Dr Sarah Walters

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Dear Colleagues,
With great sadness we learned of that our former colleague Dr Sarah Walters died on Sunday 8th April.
Sarah was a remarkable woman. Nobody could meet her without being impressed by her energy, her intelligence and her dedication. She graduated from St. George’s Medical School in 1985 and followed a career in clinical academic public health. In 1994 she created the University of Birmingham Master of Public Health programme. Sarah led the programme for over 10 years, before her retirement in 2006. Her former students include public health specialists, directors and professors of public health across the world. Every Birmingham MPH graduate is a part of her legacy. Sarah was awarded on OBE for services to medicine in 2004.
Sarah lived life to the full. She was a motorbike enthusiast and had the injuries to prove it. She was also a keen skier and a ski instructor. When she retired she bought an 11 acre woodland and along with her husband managed it as a wildlife reserve and amenity. She took up photography and documented the wildlife and seasonal changes in her wood. Sarah did not do anything by halves. By 2014 Alvecote Wood had won the Royal Forestry Society award for best small woodland in England. She also qualified as a personal trainer and joked that since retirement she was doing more for public health than when she was working.
These are achievements that anyone would be proud of but Sarah also suffered from cystic fibrosis. At the age of 12 she was told she might have two years to live. But Sarah had other plans. She decided to study medicine. Initially she was not allowed because of her condition and it was doubted whether she would complete her medical degree. But she persisted and funded by the CF society, became the first person with cystic fibrosis to graduate in medicine. She went on to be the first person with cystic fibrosis to work as a public health consultant and as a clinical academic. She identified life’s most important lessons as never to give up. This was literally true. Staying healthy required her to devote as much time and energy to physical training as a professional athlete. Once asked how she would like to be remembered and Sarah said as somebody who made a difference, not only to the lives of people, but to the planet too. You did Sarah.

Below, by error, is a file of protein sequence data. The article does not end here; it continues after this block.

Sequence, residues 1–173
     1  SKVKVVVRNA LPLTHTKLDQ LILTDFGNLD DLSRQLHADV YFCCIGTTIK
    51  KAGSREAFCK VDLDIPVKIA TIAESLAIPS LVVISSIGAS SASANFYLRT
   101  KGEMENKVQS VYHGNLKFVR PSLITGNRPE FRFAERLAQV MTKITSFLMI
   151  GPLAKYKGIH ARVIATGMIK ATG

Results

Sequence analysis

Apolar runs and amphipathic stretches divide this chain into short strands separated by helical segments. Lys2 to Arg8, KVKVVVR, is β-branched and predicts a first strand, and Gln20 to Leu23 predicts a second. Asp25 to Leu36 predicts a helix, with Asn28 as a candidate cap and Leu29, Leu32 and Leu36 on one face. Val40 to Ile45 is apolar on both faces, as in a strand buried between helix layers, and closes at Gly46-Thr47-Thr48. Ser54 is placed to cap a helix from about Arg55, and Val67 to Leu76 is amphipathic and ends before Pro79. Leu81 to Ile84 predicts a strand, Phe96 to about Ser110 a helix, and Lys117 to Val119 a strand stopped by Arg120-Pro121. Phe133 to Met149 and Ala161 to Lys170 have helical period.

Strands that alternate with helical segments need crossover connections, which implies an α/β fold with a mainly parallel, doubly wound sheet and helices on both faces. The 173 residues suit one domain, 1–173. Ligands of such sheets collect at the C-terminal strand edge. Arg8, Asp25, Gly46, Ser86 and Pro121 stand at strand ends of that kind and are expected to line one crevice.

K K Cheng FMedSci
Director, Institute of Applied Health Research; Professor of Public Health and Primary Care
University of Birmingham
Learning Centre
Birmingham B15 2TT
Tel: +44 121 414 6757

Author: Claire

PhD Student, International Public Health


2 thoughts on “Dr Sarah Walters”

  1. I met Sarah in 1985 an International CF conference in Budapest. It was a tough conference because at the time there were a lot of very ill patients with CF and I had escaped relatively free of major issues until then. Sarah really impressed me that she had the go in her to undertake medicine most of the other attendees where unemployed I had just started a job as a Statistician with our National Statistics office in Ireland so we had something in common. I was just browsing this morning and wondered how Sarah was doing and discovered her obituary this has saddened me much because I had not been in contact since. I’m not at all surprised that she went on to have a distinguished medical career as she really struck you as a lady that was going somewhere. CF shortened a lot of lives in the early 1990s I have a photograph taken at the international CF conference in 1987 there are only a handful alive today, Much has been achieved since but not without the work of Sarah Walters and Ann Wren who were instrumental in setting up the UK CF adult group.

  2. Sarah was an amazing woman , an inspiration to us all. My lasting moment of her will be very whooping my backside at squash at Good Hope Hospital , whilst gulping down Oxygen to stop her going too blue!
    She personified the best of the human spirit and was an exceptional Public Health Leader.
    You will be very much missed Sarah and it was a privilege to wok with you in your early days.

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